South Park: The Fractured but Whole

South Park

South Park: The Fractured but Whole

life is fart

Troubled times have come in South Park. Almost abandoning the failed “through” structure of recent seasons, Trey Parker and Matt Stone managed to launch a new, perhaps the weakest block of episodes in the entire period of the show’s existence. Will the audience wait for its branded pulp, or have the creators finally decided to sabotage their former merits in the television broadcasting network? Time will tell. However, the duo’s repeated desire to move the franchise into a video game format is already making itself felt. No wonder The Fractured but Whole can safely be considered their best work in a long time. Since the release of The Stick of Truth, to be exact.

Having swung at such a large-scale territory, the guys had to rethink a lot. In fact, The Stick of Truth was the brightest fanservice medley, but the game in the usual sense, it could be called a big stretch. At that time, Obsidian Entertainment tried to somehow justify this title by screwing the turn-based combat system of Japanese role-playing games to it – though noticeably simplified. So much so that God forbid not to distract the target audience from things that really interest them: exploring a familiar town, searching for nostalgic Easter eggs, communicating with favorite (and not so) characters and, of course, branded humor.

The new part of the “Interactive Park” confidently steps on the heels of its predecessor in almost every possible aspect, overtaking only in relevance. Superheroics are now well-known, and it would be foolish not to use the motives already available in the series – since the kids have been playing The Avengers since the fourteenth season. Will Cartman manage to create his own franchise and earn tons of dollars? The Fractured but Whole is worth coming at least for the sake of answering this question. Not to mention the “Civil War”, which divided the guys into two militant camps in one of the recent episodes. Finally, there was a job that grabbed the whole Warner-Disney gang by the lapels of their fashionable jackets and shook until the change fell off. “South Park” does it in its own way, driving through cinematic universes, three-act structure and disgusting cliches. And not forgetting to throw natural diamonds like Scott Malkinson, a diabetic, whose “Captain Insulin”, having thrown another dose of sugar, literally transforms into a fucking Bane. Without a doubt, we deserve this hero.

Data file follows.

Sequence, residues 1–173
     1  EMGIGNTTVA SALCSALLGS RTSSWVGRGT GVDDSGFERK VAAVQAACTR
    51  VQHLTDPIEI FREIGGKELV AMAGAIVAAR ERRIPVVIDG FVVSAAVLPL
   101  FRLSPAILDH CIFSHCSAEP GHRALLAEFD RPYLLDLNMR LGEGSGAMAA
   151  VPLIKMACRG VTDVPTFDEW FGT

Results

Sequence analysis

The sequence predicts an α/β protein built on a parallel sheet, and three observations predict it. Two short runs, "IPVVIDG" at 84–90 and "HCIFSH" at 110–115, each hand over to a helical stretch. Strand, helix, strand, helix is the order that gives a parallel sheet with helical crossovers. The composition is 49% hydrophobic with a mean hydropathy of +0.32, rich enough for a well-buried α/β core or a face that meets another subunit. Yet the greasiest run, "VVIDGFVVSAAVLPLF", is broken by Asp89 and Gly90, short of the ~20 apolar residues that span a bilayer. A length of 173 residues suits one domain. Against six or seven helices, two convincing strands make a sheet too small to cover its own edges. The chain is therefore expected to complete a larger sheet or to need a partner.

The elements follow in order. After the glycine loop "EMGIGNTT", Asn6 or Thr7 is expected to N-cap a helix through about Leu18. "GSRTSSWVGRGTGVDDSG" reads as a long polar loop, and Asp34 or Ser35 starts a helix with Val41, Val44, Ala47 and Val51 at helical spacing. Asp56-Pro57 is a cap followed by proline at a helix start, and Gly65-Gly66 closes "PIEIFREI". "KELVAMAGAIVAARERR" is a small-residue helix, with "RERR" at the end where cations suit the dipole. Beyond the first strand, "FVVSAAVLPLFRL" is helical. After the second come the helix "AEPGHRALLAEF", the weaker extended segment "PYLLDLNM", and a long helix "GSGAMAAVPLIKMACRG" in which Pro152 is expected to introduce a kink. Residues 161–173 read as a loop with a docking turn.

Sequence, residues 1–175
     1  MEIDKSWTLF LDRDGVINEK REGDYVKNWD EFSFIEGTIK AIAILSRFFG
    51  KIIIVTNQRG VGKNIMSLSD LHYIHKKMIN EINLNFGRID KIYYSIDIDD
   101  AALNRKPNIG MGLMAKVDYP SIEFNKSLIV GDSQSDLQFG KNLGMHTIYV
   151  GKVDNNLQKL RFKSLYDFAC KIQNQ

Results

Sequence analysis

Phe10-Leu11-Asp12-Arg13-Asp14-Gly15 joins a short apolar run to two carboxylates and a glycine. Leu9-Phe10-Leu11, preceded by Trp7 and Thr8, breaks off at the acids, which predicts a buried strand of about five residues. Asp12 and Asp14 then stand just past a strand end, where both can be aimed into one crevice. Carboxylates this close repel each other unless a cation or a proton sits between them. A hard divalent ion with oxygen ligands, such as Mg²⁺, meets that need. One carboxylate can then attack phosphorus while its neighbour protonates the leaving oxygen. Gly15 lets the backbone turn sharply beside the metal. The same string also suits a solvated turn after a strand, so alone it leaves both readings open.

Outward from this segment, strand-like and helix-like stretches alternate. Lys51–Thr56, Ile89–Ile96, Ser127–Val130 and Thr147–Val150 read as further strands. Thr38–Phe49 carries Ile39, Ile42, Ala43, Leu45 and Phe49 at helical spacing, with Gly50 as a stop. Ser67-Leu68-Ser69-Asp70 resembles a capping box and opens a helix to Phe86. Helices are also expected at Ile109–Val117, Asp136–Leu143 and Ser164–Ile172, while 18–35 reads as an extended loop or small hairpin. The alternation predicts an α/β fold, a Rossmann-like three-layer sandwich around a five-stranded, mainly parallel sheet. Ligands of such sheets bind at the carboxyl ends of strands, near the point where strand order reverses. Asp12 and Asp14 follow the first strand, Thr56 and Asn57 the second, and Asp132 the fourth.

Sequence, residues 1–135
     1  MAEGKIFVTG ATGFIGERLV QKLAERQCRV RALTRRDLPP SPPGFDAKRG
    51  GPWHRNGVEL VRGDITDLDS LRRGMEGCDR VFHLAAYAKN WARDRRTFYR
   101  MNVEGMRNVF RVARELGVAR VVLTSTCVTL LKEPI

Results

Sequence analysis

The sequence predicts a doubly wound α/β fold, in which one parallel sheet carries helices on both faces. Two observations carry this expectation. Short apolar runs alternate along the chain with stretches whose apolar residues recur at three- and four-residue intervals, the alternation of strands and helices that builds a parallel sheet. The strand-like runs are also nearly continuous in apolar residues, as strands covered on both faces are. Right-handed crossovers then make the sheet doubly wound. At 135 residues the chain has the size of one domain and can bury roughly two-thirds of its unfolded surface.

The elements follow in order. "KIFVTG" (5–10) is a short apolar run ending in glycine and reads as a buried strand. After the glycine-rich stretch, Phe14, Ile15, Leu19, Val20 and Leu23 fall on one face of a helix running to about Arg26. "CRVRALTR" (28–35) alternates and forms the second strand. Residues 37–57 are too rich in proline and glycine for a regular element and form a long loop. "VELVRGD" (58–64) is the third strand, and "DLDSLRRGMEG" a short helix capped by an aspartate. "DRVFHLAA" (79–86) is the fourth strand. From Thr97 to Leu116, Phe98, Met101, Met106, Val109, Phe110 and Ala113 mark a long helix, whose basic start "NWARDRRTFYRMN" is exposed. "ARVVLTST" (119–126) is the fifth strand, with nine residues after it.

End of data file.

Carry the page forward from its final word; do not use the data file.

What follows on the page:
Alas, exorbitant ambitions are the root of the vast majority of the novelty’s problems. Don’t worry – the beloved principle of exploring the territory has not undergone major changes. We move relatively freely around the city, we get quests, periodically getting into surreal (or simply moronic) situations. One of the new mechanics that directly affects the development of your “Chmo” is selfies. The game really requires you to pester passers-by for the sake of another “selfie”, which the hero will certainly post in “Coon” (well, you understand). The latter is valuable not only as a tool to increase the authority of the character, but also as a separate source of sparkling satire. Reading the comments under the photo is a special pleasure, and if anything can reconcile the player with the arrogance of some citizens, it’s them.

A notable innovation of the project was the combat system. Linear oriental turn-based was replaced by slightly less linear tactical inherent in things like Heroes of Might & Magic. The player has the right to be equipped with three companions (if the plot does not mind), which are allowed to move around the battlefield within the available distance. The Fractured but Whole offers a choice of packs of entertaining “superhero” classes, and brings new ones along the way. Already familiar things like crafting items, hanging a character with junk and everything that made The Stick of Truth some kind of RPG were not left aside. Only the costumes no longer matter much for the parameters, becoming a fun target for the audience to exercise in wit. Class abilities also have to be distributed; there are enough of them here to think about the choice. The Fractured but Whole turns out to be more demanding than the first part, because it requires some thoughtfulness of the player. It has something to delve into, there is where to apply tactical skills and there is something to experiment with. It just doesn’t fit the game at all.